What the Health: Is vaping bad for your teeth?

3 July 2023

We all know that smoking wreaks havoc on your smile. Smoking tobacco can yellow and loosen teeth, and lead to bad breath. Not to mention, it stands as one of key players behind mouth cancer.

Now, enter vaping—the generally perceived "healthier" alternative to smoking. But that’s only if you are already a tobacco smoker, and are looking to quit.  So here's the burning question: As an alternative to traditional smoking, does vaping fare better for your teeth and gums? 

Let’s find out.

Does vaping cause gum disease?

The most significant effect of vaping on gums is the increased risk of gum disease
Vaping nicotine-containing products enhances gum disease by reducing blood flow, reinforcing our ‘fighter immune cell’ activity to destroy the tissues that hold our teeth in our jaw, and reduces our ability to heal. 

Does vaping make your teeth yellow?

Flavoured liquids and nicotine used in vapes often include colouring agents that can contribute to a yellow or brown appearance of teeth, impacting both your smile and confidence.  

In theory, vaping is expected to stain your teeth less than smoking because cigarettes layer tar, ash, and nicotine to coat teeth yellow and brown. Nicotine vapour, on the other hand, lacks tar and ash but still contains nicotine.  

Although nicotine itself is colourless, prolonged exposure to nicotine in the mouth can yellow tooth surfaces.  Additionally, the nicotine concentrations in vaping liquids can vary considerably.  For instance, if you average ten puffs per session fifteen times daily, you may use-up a cartridge every two days. That equates to smoking the equivalent amount of nicotine from nearly three cigarette packets

Does vaping give you bad breath?

Bad breath is socially embarrassing yet difficult to self-diagnose, and can indicate other oral hygiene issues like cavities (holes in teeth), gum disease, or even infections in your mouth.  A key cause of bad breath is a dry mouth. And yes, those who vape report mouth dryness as a common side-effect. The drying effects of propylene glycol and glycerol, common ingredients in vape liquids, cause a sensation known as ‘throat hit’. This drying effect reduces saliva production, which is crucial for maintaining oral cleanliness and health. Insufficient saliva reduces the washing-effect in our mouth to allow cavity and gum disease-promoting bacteria to accumulate in the mouth, resulting in bad breath.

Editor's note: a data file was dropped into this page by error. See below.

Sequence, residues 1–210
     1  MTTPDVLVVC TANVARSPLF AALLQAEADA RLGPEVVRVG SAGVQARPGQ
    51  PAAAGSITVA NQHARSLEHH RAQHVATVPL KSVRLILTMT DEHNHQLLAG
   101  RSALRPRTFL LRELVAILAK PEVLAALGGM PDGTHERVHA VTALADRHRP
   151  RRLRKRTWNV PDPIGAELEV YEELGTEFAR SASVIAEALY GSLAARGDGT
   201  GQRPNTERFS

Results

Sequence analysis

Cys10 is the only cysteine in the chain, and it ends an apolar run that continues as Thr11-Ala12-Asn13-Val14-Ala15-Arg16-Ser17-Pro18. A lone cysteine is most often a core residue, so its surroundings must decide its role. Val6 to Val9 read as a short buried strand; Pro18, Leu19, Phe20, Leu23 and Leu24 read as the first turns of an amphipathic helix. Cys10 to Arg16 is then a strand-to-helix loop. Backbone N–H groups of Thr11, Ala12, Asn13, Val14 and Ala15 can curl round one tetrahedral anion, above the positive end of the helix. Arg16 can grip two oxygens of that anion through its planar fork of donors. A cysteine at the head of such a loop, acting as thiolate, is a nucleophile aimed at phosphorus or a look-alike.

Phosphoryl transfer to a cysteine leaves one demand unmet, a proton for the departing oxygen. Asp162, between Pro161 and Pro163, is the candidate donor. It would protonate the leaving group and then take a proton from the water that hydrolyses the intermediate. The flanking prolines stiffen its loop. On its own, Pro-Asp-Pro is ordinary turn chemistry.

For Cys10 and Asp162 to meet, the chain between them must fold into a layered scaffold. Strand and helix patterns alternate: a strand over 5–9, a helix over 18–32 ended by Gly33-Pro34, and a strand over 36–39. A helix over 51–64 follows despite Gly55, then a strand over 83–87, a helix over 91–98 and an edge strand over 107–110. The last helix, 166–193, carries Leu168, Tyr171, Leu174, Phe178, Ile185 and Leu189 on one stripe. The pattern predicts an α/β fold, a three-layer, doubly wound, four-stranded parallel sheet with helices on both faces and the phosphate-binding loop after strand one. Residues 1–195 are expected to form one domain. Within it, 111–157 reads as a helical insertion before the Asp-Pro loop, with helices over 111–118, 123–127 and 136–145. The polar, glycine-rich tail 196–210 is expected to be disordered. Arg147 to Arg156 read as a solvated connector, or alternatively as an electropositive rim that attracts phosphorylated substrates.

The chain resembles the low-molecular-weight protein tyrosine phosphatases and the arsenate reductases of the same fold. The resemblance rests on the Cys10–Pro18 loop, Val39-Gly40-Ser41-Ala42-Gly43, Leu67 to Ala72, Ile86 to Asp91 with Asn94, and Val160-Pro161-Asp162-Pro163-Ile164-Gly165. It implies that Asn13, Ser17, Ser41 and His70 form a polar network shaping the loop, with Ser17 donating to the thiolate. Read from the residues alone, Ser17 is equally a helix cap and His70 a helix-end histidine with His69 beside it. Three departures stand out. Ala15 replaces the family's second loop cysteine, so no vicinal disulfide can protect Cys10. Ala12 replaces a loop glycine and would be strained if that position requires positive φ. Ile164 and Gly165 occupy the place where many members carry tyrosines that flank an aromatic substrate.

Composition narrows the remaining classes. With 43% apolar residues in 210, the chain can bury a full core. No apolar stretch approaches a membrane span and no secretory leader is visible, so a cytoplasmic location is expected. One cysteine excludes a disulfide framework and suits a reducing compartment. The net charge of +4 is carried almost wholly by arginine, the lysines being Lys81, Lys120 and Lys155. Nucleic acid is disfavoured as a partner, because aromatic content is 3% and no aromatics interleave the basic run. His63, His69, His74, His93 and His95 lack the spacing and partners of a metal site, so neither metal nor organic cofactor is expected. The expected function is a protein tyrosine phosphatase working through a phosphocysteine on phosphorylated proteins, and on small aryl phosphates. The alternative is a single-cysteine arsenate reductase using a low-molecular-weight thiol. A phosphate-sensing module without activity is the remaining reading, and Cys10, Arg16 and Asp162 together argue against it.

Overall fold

Fact - Did you know that propylene glycol is used as a heat transfer fluid in the air-conditioning industry, and in fog machines.  And, glycerol is a cheap raw by-product material from the production of biodiesel.  

Does vaping cause teeth cavities? 

Yes, vaping can contribute to the development of cavities in teeth. How? Cavities are typically caused by the mineral in your teeth dissolving to neutralise the acid by-products of sugar devouring plaque bacteria (plaque sewage).  If you use a sweet-flavoured vape, its likely to contain sugar, and continuous exposure to sugar-rich vapour provides a constant supply of fuel for the acid-producing bacteria.  

Acids are also a by-product of propylene glycol, the main ingredient in vaping liquids that dissolves the mineral in teeth and dries the mouth. Glycerol increases the stickiness of bacteria and sugar to the tooth surface to accelerate cavity formation in your teeth. Increased stickiness allows the plaque bacteria to latch on to your teeth and makes it more difficult to brush clean.

Are there any other ways that vaping can damage teeth or gums?

  • The lithium-ion batteries used to power vapes have been linked to explosions causing damage to teeth, gums and jaw bones.  
  • Vaping can cause irritation in the mouth, which can lead to the development of mouth sores including thrush (candida infections) in the mouth. These sores can be painful and unattractive and may make it difficult to eat or speak.
  • Nicotine is a stimulant and can promote tooth grinding. Frequent grinding can crack and shorten your teeth, cause your jaw to lock and promote headaches.  
  • Oral microbiome caused by the shift from good healthy bacteria in your mouth to bad (pathogenic bacterial) imbalances associated with vaping have been linked to oral cancer.
  • Compared to the research on traditional cigarette smoking (>50 years), studies on the effects of vaping is still new (less than 2 years).  But studies conducted in controlled lab conditions show disease-causing changes at the cellular-level.  And this is often an indicator for how vaping can affect your health in the long-term. 

As a vaper, is there anything I can do to prevent damage to my teeth and gums?

Taking steps to safeguard your teeth and gums is crucial in preventing dental issues and gum disease. Make it a priority to schedule regular visits to your dentist, who can provide guidance on maintaining optimal oral health and conduct routine checks for mouth cancer. It's also beneficial to consult with your doctor or dentist about options for quitting vaping, as this can significantly contribute to preserving your oral well-being.

Returning to our initial question, 'Is vaping a safer alternative to smoking cigarettes?’, The concise response is: most likely not. Although research the effects of vaping on oral health is still in its infancy, evidence from laboratory studies and self-reported data suggests that we can anticipate a rise in vaping-related illnesses in the future. So the decision ultimately rests on you, and on how much you value your smile, your health, and your autonomy.

AUTHOR: Dr Arosha Weerakoon is a dentist, lecturer who holds a PhD (2023) from the School of Dentistry, University of Queensland (UQ).